LONDON: Technology has disrupted many industries by addressing consumer pain points and making their lives easier, but, an industry figure has argued, “frictionless” brands become less intrusive and less front of mind.
Writing in the current issue of Admap, Ben Felton, planning director at Leo Burnett, says it is more important than ever to have a compelling brand and communication strategy that creates and reinforces associations.
“Brands need to be front of mind so a consumer asks for them by name,” he maintains in Four rules for achieving brand success in the digital age – something that will be essential when voice technologies such as Amazon’s Alexa become commonplace for ordering products.
He further notes that brands have focused on creating frictionless experiences that encourage people to keep using the brand in the future.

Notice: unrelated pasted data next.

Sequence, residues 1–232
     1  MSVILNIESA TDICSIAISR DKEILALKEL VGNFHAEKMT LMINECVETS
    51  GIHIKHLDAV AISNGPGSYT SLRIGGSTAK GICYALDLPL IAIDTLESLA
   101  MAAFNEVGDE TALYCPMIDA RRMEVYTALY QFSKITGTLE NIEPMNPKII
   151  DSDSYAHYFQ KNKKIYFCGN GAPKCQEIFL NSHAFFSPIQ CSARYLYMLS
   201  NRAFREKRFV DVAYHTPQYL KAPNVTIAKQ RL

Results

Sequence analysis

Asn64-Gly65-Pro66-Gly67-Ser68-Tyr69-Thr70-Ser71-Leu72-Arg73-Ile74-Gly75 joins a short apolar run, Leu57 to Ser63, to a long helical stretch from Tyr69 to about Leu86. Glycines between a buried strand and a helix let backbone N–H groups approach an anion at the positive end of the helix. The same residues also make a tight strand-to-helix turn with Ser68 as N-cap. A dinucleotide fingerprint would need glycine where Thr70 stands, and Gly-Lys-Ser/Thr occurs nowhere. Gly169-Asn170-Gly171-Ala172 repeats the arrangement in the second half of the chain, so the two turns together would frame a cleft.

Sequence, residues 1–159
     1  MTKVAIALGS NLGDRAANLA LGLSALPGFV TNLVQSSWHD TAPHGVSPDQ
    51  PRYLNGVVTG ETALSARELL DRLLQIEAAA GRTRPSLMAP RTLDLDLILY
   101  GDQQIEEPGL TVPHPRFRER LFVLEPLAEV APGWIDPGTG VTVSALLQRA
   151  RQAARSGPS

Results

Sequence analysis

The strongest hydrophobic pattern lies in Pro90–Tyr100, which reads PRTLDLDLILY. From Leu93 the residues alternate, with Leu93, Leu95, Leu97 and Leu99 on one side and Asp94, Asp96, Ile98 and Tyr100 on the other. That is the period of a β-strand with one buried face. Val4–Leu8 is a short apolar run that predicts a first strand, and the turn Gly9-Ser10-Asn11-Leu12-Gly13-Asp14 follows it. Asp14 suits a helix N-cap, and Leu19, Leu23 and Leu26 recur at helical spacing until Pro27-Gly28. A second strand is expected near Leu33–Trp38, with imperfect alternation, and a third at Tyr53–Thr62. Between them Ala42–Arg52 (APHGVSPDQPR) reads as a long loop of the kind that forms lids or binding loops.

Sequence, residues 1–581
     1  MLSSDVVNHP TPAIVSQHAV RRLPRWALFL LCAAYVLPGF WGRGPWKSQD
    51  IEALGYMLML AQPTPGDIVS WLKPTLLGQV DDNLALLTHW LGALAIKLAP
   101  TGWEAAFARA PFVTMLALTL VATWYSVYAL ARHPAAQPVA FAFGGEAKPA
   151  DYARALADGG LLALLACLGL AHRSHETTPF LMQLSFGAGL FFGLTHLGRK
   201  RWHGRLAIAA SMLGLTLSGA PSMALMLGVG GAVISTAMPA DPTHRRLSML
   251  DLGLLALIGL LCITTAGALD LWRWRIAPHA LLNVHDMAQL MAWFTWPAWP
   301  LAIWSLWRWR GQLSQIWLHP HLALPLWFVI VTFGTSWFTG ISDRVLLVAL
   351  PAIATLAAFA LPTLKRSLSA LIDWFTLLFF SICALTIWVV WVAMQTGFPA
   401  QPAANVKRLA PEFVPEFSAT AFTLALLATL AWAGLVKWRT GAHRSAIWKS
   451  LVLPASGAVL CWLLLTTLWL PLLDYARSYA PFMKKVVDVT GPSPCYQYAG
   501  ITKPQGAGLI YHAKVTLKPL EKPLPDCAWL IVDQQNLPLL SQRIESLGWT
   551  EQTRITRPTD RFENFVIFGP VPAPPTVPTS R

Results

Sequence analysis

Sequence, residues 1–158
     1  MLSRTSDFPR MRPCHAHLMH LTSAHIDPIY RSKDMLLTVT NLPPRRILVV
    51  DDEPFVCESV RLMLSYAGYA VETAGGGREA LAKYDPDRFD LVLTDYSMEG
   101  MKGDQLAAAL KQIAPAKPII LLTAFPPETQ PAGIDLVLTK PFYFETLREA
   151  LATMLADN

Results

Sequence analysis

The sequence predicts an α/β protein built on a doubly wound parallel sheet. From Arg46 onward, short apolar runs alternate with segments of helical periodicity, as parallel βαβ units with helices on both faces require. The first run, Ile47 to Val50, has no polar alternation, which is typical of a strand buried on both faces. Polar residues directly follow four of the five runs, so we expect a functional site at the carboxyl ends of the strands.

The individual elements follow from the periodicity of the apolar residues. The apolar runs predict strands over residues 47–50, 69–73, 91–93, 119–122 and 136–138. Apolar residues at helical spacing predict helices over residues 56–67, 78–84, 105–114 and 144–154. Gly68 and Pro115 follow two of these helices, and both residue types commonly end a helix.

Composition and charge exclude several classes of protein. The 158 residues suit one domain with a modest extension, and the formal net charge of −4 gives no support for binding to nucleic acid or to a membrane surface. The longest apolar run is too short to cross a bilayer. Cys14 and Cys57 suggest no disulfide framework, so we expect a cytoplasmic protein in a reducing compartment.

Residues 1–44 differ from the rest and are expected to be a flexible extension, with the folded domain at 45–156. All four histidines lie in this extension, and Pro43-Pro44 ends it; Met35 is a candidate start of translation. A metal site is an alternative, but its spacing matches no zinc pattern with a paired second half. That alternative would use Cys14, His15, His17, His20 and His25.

“In our obsession to make people’s lives easier and apply technology and intelligence to the task, let’s not forget that we can apply the same technology and intelligence to helping people get the most out of the brands they have purchased,” Felton says.
“And it is perhaps the friction, rather than the frictionless, which will be the most potent reminder of the brand in that moment when someone comes to order their next product.”
A sportswear brand might put sensors in shoes that tell the wearer when the soles are worn and they should order a new pair, “but, if you truly want your brand to be front of mind, how about creating a fully intrusive service like Nike Training Club, an app that brings friction to a new level as it barks drills at you and you gasp and sweat,” he suggests.
But not all brands will have such options open to them, and for them a rapid resolution of problems via customer service can be a way linking friction and the brand experience in a positive way.
“Think frictionless and apply it to resolving customer pain points and you may well find that you are once again front of mind when your customers come to renew their products or services, regardless of what Alexa recommends or Google suggests,” Felton says.
Sourced from Admap